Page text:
Change can be scary, but when it comes to pizza it can also be extremely exciting. Like most things in life, pizza and pizza parlors are constantly evolving. Without change, the history of pizza wouldn’t be as interesting as it is. The history of the pizza parlor is also filled with change. It went from a specialty shop to a significant cornerstone of cities and towns across the world.
So let’s take a look at the evolution of the pizza place.
The Origin of Pizzerias – 1905
The modern pizza place wouldn’t be anything without the structure the first pizzeria established. In the US, Gennaro Lombardi is often credited with selling the first coal-oven pizzas out of his grocery store in Manhattan. As far back as 1905, he helped pizza become a lunch staple amongst regulars. And so Lombardi’s grocery store is generally considered the first pizzeria in the US.
Lombardi’s remained the only US pizzeria until 1910. That year, Joe’s Tomato Pies opened its doors and became the second pizzeria established in America.
While modern pizzerias serve customers from all nationalities, the original Italian-inspired pizzerias were more or less a club-house for Italians to feel like they were at home. The concept of chain pizzerias would probably shock Lombardi.
The First Pizza Revolution – 1943
At this point in time, pizza was rapidly gaining popularity and more and more pizza places started popping up everywhere. And so with more pizzerias serving more customers, the first pizza revolution began.
During the 1940s, local pizzerias started to appear, giving birth to many different styles of pizzas. In 1943, at a small shop in Illinois, someone at Pizzeria Uno decided to make a pizza using a cake mold. They loaded the dough with toppings and sauce, giving birth to what we we consider a deep-dish style pizza.
Pizzas continued to change over the years and eventually, the first frozen pizzas hit the market in 1957. This opened the doors to a new way for customers to enjoy pizza.
The Original Pizza Parlor – 1958
Up to this point in time, pizzerias were family-owned and operated (just like ours). But in 1958, that all changed. A group of pizza lovers decided to open a 25-seat pizza parlor. In just a short amount of time, it became the first pizza chain location.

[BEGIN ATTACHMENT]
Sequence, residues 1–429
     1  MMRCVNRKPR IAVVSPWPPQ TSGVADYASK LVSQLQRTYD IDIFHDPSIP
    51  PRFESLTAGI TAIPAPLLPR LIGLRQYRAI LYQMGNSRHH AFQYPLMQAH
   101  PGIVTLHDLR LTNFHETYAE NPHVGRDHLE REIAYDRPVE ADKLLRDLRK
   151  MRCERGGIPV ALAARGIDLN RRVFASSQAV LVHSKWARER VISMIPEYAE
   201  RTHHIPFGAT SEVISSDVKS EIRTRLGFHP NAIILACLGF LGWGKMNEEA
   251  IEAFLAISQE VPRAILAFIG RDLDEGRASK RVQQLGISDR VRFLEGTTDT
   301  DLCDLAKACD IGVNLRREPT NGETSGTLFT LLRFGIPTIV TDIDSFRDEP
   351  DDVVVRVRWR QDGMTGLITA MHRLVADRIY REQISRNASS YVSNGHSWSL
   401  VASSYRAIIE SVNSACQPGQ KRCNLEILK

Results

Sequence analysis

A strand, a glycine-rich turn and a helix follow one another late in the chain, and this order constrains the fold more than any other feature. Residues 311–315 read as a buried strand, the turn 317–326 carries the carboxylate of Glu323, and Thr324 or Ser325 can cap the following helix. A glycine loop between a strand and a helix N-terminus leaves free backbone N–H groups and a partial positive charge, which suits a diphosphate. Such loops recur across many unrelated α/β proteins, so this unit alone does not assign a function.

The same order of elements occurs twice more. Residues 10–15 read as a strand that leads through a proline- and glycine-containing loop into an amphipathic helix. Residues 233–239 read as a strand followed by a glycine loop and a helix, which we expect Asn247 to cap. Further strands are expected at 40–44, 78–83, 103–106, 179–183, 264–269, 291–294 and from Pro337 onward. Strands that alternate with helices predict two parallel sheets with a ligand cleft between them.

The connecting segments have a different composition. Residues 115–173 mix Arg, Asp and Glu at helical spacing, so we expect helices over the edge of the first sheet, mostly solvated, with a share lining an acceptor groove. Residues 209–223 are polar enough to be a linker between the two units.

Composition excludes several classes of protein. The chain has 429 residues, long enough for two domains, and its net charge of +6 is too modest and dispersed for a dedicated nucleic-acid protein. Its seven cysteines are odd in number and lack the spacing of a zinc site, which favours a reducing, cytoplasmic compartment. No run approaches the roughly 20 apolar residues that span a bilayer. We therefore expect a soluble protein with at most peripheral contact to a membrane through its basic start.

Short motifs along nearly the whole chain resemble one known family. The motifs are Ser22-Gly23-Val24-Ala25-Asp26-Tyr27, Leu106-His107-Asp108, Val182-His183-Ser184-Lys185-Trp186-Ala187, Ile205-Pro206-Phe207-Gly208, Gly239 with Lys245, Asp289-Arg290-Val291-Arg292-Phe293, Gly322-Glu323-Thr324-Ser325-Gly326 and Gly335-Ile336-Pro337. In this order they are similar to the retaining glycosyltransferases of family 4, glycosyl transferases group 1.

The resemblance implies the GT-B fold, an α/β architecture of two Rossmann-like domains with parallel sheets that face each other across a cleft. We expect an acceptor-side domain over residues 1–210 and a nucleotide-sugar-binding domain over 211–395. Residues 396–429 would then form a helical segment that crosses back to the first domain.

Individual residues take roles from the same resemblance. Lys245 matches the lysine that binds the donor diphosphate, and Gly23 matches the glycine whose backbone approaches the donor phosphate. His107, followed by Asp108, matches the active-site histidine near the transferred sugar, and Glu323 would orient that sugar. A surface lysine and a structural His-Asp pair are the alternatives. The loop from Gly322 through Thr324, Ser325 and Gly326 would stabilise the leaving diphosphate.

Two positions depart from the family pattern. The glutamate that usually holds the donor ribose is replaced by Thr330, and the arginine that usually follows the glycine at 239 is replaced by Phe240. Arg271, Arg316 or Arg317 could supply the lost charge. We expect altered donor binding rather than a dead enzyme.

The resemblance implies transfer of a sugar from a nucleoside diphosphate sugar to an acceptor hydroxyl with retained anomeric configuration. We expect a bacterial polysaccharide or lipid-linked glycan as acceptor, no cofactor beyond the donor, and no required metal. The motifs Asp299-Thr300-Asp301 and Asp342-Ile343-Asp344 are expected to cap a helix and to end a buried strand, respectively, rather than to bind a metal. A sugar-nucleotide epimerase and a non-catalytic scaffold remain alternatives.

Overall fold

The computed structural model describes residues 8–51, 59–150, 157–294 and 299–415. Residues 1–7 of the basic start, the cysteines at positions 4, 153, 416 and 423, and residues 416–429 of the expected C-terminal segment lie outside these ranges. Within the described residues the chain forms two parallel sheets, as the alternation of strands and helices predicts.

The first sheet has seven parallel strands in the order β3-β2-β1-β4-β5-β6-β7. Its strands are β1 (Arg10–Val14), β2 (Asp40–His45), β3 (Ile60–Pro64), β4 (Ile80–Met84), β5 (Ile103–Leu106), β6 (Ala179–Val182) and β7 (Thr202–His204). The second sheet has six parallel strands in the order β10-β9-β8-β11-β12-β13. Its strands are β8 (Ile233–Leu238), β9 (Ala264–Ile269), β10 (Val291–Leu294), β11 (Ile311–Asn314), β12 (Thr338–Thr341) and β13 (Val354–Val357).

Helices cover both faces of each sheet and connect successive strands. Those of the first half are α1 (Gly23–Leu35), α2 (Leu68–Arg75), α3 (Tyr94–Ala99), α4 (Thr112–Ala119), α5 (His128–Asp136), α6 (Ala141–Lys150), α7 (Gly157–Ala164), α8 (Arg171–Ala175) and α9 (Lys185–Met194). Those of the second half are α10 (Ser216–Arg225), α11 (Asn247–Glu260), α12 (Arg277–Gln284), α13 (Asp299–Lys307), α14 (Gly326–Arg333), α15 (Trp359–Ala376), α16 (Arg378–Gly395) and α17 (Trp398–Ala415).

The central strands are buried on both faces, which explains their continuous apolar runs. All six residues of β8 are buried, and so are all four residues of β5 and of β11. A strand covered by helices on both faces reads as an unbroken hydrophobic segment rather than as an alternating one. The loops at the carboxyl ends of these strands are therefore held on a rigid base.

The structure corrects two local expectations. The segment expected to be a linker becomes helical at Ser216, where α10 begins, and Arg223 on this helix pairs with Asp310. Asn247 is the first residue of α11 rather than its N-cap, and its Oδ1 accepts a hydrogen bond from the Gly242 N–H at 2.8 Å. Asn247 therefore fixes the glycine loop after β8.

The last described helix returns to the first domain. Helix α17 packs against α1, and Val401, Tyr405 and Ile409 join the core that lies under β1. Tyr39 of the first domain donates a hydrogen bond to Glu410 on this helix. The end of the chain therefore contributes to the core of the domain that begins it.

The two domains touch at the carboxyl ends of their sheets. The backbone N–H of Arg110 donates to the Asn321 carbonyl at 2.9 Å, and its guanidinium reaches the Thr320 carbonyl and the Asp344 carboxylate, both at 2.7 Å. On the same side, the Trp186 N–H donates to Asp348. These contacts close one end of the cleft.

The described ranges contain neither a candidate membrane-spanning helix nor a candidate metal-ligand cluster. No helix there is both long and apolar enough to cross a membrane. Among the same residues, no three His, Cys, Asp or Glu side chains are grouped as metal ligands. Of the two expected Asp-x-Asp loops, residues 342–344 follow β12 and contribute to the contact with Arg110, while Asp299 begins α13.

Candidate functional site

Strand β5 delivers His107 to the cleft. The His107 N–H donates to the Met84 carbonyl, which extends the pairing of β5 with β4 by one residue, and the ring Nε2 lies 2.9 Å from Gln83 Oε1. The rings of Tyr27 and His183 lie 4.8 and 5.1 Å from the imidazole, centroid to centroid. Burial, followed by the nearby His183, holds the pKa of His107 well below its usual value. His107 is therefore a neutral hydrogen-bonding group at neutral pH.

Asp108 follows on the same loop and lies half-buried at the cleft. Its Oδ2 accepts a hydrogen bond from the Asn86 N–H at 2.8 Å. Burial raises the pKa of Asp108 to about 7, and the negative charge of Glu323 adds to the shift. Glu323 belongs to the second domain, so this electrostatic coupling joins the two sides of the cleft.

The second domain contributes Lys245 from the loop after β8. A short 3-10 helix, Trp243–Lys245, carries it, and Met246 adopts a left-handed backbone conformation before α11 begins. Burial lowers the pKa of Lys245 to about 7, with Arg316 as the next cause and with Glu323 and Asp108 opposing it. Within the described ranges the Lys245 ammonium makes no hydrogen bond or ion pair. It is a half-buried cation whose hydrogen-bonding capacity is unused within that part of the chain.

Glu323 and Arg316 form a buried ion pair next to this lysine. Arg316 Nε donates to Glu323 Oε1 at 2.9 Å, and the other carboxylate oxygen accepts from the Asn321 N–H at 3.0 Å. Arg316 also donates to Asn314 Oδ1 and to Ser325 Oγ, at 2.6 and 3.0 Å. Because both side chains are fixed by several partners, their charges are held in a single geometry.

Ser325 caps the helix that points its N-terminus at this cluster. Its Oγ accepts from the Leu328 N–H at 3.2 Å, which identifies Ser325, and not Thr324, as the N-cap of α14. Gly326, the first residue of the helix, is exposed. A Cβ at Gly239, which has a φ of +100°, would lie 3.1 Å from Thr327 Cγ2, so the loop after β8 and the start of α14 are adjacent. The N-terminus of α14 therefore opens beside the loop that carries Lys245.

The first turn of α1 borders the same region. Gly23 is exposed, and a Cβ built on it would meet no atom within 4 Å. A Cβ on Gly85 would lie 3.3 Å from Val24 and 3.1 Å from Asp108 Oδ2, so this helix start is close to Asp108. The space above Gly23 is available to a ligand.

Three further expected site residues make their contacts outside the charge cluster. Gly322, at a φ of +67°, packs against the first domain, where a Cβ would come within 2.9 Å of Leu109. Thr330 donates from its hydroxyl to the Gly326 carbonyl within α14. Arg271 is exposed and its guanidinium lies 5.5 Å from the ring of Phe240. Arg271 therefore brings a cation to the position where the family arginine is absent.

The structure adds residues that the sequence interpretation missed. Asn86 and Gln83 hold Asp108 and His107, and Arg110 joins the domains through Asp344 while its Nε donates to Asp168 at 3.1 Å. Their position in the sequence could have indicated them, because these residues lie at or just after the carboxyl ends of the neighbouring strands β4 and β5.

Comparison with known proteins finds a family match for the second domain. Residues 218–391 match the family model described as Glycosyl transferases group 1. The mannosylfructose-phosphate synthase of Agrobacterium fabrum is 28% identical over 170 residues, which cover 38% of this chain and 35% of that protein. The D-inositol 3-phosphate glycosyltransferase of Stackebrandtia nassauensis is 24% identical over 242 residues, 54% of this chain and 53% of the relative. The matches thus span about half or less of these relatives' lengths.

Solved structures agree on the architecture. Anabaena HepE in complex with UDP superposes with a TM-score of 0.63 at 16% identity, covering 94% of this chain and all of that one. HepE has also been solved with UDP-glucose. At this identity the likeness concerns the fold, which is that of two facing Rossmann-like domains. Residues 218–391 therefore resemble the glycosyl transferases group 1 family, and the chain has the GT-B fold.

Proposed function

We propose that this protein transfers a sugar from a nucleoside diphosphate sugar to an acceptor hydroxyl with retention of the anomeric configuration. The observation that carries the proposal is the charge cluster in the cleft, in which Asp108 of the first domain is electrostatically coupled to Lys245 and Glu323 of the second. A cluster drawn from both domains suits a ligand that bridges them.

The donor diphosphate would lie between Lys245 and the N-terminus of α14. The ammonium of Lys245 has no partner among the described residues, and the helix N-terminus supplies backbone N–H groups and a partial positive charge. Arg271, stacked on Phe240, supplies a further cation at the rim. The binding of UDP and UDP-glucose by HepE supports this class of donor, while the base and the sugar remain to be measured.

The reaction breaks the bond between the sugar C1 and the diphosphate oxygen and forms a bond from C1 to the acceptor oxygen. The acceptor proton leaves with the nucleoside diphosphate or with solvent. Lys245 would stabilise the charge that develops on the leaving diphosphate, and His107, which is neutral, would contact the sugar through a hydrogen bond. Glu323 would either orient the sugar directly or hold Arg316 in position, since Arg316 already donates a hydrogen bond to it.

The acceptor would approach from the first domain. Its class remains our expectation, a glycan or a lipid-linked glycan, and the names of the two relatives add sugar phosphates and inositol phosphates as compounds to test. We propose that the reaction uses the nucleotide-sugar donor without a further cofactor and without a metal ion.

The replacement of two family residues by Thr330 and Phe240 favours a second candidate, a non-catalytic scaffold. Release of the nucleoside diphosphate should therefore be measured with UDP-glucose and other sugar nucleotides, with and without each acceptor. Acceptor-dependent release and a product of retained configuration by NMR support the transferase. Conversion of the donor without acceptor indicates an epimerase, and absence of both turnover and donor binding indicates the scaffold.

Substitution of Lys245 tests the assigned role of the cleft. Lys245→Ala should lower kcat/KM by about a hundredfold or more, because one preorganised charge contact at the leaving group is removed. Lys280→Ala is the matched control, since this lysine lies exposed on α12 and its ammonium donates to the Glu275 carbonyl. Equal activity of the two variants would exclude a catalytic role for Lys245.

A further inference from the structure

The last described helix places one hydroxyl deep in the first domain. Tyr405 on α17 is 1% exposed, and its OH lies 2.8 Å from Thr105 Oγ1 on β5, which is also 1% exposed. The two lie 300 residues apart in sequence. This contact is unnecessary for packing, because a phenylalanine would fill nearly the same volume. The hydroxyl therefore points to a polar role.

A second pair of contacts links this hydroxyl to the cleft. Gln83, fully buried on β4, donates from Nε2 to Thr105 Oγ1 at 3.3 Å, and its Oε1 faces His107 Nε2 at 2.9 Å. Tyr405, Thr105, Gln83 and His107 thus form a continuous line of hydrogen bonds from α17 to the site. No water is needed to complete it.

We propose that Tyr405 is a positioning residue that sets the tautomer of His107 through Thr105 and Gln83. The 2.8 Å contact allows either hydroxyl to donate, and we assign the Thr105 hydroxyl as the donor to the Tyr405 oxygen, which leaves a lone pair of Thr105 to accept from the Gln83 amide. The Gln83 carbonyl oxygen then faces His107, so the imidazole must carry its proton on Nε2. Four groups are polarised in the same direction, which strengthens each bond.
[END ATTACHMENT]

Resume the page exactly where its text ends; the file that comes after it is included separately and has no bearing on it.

The Farm-to-Table Pizzeria – 1980
Pizza chains may have continued to expand, adding more and more locations, but a counter-revolution occurred in the ’80s. All across the US, there was a huge shift from chain pizzerias to farm-to-table restaurants.
This movement opened the door to many artisan pizzerias that strictly used local products, presented a more family-like vibe, and started producing pizzas that were highly personalized. This was the exact opposite approach that chain pizzerias used to produce an incredible amount of food in such a short amount of time.
The Pizza Place Comes Home – 1995
No matter how you feel about frozen pizza, it opened a world of possibilities. By the mid-90s, a second revolution, known as “take and bake,” was underway. Just like today, customers would buy an uncooked pizza and bake it at home. These easy-to-make pizzas took the pizza place into people’s homes.
Suddenly, Americans didn’t have to leave the house in order to enjoy pizza. All they had to do was head into their kitchen and ten minutes later dinner was served.
This is also right around the same time that delivery gained speed. While it appeared like frozen pizzas were going to threaten local pizzerias, delivery made certain that it was just as easy to enjoy pizza from a local spot as it was to make your own at home. A simple phone call is all it takes to have a fresh made pie delivered to your doorstep.
The innovation of the pizza parlor went from people driving and visiting their local pizza spot to having their local pizza spot come to them. It was a brilliant strategy that still remains today.
The Modern Pizzeria
In the 2000s, Tuscan Pizza and many other pizzerias brought back the personal experience of family-owned and operated shops. While chain restaurants are capable of producing an unprecedented amount of pizzas in a short amount of time, small pizzerias like ours are capable of building relationships with their customer base.
Our customers expect great customer service, excellent food, and a friendly atmosphere. We like to think we’re capable of providing that experience because of the hard work our family puts into making each pizza. But it wouldn’t be possible without having loyal customers that can taste the difference between good and great.
The Future of Pizza
The history of the pizza parlor is far from being complete. The future will certainly contain even more innovation. Who know’s what that means exactly, but one thing is for sure – we’ll be here to help reign it in.